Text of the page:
The final moments of Karissa Boudreau's life were revealed in court Friday, as her mother pleaded guilty to strangling her own child with a piece of twine in a grim bid to keep her boyfriend from leaving.

Penny Boudreau, 34, pleaded guilty to second-degree murder Friday in a Bridgewater, N.S. courthouse and was sentenced to life in prison with no parole for 20 years.

Courtroom spectators wept openly as they listened to the brutal details of 12-year-old Karissa Boudreau's murder. They learned that the little girl's last words were "Mommy, don't," as she was pinned down and the rough rope tightened around her neck.

Penny Boudreau left the court silently in police custody, filing through a crowd of reporters who tried unsuccessfully to get her to speak.

Karissa's frozen remains were found on the banks of the LaHave River on Feb. 9, roughly two weeks after she reported her missing on Jan. 27.

Two days after the girl went missing, her mother had made an emotional plea to the media and public to help get her daughter back.

She claimed that the two had an argument in a supermarket parking lot on the day she went missing.

Four months later in June, Boudreau was arrested in Halifax and charged with the first-degree murder of her 12-year-old daughter and only child.

Reading from an agreed statement of facts on Friday, Crown Attorney Paul Scovil revealed chilling, until-now unknown details about the murder.

He read that Boudreau was given an ultimatum by her live-in boyfriend, Vernon Macumber, who told her either the daughter had to go, or he would end their relationship.

According to the statement of facts, Boudreau and her daughter did go to the grocery store on the day Karissa disappeared.

While there, Boudreau left Karissa in the car while she placed a call to her boyfriend, telling him the girl had gone missing.

Boudreau then returned to the car and they drove to a nearby road where she told Karissa to get out of the car. The two then argued, and Boudreau knocked her daughter to the ground before pinning her down and strangling her with a length of twine.

She then dragged the body back to the car, and drove to the nearby river where she rolled the body down the river bank.

On the way she put the twine in a coffee cup and stopped to throw it away, Scovil said.

The statement said the girl's pants came partially off when Boudreau was dragging the body from the car, and she left them in that state to suggest a sexual assault had occurred.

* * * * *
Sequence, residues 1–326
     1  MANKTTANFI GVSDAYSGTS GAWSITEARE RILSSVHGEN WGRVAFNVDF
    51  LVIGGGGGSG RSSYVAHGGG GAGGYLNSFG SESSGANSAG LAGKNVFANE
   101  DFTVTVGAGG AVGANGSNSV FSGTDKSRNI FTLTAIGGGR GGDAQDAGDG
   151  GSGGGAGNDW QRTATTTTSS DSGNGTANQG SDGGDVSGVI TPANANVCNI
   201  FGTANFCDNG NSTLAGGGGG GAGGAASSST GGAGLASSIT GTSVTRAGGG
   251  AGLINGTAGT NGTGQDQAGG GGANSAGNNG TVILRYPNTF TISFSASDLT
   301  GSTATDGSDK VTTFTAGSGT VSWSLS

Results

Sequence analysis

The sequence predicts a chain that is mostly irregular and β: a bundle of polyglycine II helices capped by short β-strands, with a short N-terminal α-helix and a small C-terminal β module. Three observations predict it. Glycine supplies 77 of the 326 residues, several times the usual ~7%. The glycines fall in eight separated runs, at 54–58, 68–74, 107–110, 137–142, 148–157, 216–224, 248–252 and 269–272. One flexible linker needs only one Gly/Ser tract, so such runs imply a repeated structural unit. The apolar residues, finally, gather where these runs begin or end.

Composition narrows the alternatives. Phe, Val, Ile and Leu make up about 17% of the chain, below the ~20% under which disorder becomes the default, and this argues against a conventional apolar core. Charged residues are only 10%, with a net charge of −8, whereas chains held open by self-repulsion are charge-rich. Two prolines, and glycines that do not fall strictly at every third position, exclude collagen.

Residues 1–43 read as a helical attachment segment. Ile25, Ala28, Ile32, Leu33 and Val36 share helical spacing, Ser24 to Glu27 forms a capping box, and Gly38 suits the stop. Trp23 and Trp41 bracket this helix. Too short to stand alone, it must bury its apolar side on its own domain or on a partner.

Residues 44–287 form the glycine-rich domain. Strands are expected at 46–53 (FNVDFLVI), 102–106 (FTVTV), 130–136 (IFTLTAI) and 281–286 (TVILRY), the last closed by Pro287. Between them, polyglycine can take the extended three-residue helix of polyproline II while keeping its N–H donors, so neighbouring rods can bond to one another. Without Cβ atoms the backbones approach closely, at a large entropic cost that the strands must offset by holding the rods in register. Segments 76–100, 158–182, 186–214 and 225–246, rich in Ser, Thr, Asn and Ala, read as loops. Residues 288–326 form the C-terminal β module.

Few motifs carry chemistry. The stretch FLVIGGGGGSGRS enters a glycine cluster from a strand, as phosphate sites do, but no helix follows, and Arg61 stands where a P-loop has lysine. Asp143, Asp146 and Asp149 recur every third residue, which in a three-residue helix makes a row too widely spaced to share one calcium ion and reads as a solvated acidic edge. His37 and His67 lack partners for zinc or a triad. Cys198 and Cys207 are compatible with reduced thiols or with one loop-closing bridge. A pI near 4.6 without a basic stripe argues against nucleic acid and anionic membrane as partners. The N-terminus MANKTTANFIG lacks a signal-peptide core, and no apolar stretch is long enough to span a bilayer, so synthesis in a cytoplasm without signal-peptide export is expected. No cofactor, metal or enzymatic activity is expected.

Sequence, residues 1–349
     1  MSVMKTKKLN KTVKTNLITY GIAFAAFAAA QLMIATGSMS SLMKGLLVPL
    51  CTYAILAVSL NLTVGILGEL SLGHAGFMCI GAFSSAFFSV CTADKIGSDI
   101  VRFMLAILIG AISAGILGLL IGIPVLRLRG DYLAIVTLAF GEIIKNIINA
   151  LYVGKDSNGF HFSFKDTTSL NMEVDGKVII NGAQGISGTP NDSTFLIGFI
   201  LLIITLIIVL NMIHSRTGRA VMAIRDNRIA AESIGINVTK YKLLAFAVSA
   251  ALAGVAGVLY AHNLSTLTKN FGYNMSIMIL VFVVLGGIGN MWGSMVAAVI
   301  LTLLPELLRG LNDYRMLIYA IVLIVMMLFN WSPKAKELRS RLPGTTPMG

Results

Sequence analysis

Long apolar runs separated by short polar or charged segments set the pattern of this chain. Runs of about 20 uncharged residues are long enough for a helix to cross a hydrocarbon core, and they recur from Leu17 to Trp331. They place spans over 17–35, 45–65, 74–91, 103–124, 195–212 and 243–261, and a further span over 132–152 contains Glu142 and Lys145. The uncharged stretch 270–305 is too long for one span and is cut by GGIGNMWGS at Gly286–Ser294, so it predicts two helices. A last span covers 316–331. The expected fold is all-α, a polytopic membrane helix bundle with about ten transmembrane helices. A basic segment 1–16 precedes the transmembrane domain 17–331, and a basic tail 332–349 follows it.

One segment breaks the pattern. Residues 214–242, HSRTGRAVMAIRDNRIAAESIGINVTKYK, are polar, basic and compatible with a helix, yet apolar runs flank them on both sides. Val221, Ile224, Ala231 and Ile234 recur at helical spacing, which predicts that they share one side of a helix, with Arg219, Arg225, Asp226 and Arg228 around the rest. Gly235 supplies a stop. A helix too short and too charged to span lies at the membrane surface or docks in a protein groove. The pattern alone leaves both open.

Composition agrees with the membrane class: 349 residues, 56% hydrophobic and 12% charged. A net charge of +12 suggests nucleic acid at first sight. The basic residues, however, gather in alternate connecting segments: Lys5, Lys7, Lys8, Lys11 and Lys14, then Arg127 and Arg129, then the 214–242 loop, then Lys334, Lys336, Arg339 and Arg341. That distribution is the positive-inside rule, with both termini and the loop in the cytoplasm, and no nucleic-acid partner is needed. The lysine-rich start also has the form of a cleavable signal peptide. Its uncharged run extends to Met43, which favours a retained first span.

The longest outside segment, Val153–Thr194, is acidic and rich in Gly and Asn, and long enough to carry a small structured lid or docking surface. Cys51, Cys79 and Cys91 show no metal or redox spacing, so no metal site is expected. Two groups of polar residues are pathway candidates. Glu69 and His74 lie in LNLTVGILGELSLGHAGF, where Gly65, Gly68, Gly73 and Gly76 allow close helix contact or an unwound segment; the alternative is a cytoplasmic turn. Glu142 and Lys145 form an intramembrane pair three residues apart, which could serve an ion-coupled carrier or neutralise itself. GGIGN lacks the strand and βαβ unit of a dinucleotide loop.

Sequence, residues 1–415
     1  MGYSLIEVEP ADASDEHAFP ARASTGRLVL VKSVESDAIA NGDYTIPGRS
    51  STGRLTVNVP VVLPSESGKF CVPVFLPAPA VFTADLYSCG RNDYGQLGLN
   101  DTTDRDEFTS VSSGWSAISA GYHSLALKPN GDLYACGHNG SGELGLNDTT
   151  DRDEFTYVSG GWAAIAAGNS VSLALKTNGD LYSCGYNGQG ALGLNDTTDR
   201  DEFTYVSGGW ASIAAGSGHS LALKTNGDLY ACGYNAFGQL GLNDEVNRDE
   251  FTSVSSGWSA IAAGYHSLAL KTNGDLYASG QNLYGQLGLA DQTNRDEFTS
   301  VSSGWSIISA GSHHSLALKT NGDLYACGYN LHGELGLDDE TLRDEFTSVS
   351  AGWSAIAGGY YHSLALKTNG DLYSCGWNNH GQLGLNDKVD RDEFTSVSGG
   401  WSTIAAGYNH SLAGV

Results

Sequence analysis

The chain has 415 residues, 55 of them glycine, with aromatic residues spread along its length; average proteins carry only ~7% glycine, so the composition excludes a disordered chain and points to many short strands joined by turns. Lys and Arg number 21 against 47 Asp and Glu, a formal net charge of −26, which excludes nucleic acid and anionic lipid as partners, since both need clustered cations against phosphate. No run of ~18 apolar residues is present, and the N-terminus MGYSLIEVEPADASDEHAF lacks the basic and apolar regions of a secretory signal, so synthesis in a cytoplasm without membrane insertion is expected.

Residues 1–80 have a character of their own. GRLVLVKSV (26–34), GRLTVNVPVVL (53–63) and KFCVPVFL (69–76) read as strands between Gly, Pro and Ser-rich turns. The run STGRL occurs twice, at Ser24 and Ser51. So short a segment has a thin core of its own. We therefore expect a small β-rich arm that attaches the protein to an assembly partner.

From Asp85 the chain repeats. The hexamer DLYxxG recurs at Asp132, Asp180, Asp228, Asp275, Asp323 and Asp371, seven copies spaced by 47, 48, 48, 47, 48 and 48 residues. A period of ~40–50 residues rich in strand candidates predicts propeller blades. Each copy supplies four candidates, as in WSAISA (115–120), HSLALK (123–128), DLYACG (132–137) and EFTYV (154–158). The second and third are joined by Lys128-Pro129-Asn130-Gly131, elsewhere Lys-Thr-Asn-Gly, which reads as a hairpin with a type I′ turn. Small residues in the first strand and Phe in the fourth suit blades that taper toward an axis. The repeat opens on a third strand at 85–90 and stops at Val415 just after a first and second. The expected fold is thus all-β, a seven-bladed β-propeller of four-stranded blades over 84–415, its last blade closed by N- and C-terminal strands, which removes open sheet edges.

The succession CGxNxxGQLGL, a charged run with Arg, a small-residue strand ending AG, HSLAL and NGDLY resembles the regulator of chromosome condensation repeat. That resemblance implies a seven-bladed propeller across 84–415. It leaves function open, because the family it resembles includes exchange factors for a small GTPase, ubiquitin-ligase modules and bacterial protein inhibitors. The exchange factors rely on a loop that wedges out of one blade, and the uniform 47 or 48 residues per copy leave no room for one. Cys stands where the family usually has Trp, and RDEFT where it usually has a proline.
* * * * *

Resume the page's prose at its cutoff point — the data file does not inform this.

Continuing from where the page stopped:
She also put some of her articles of clothing in a garbage at a local swimming pool.

Scovil told the emotional courtroom that Karissa asked her mother to stop.

"Karissa said, 'Mommy, don't,'" Scovil said as people in the public gallery sobbed.

Boudreau stood up and whispered the words "I'm sorry," in the courtroom Friday.

Justice Margaret Stewart, glancing up at Boudreau, told her: "You can never call yourself mother. "The words, 'Mommy, don't.' ... are there to haunt you for the rest of your life."

While the agreed statement of facts confirmed Boudreau's boyfriend had told her it was either him or her daughter if their relationship was to survive, Scovil said there was never any evidence Macumber was involved in the crime.

"Our understanding was that he indicated to her, 'We have to do something within our family, you have to either choose her or me,'" Scovil said outside court.

"We were satisfied he did not mean ... that she was to kill Karissa."

Scovil added that it was clear from the beginning that it was Penny Boudreau, "and her alone, who took responsibility (for) the murder."

Undercover operation

The court was also told Friday of the events leading up to Penny Boudreau's confession of the crime.

In an interview Friday afternoon with CTV Newsnet, Scovil said undercover agents -- posing as members of a crime family syndicate -- were able to gain Boudreau's trust.

On Feb. 14, 2008, Boudreau met with an undercover operative who convinced her that he "could possibly make her 'problem' go away" if she told them exactly what happened.

"She told the undercover operator exactly what happened, and then the next day, led them to (the murder) scene," Scovil told Newsnet from Bridgewater. "Immediately after she had done that, they arrested her and she was taken into custody, and it led to a guilty plea."

When asked why the Crown didn't try to push for a first-degree murder confession, Scovil replied Boudreau's family preferred to settle the legal process now -- instead of waiting what would likely be another year for a higher conviction.

"We took into account the fact that the sentence for first and second-degree (murder) is the same -- it's life," Scovil told Newsnet. Parole eligibility for first-degree murder comes after a minimum of 25 years. "We said we'd need 20 years to accept a second-degree plea," said Scofield.

"In the end, we thought the right thing to do was to take a second-degree with a very high parole ineligibility, and get a conviction."

At the time of the girl's disappearance, police scoured a river and wooded area close to the grocery story, but nothing turned up until passersby stumbled upon the girl's remains.

After an autopsy was performed on Karissa's body, police said they were treating her death as a homicide. They did not release any details about how the girl was killed.

The city of 8,000, about a 90-minute drive southwest of Halifax, hadn't recorded a homicide since 1993.

Residents were stunned by the news of the girl's death.

At Karissa's funeral, Rev. Perry Ingersoll had praised her friendly personality, "winning smile" and love for animals.

Her teachers and friends described Karissa as a typical youngster who liked to sing and listen to pop music.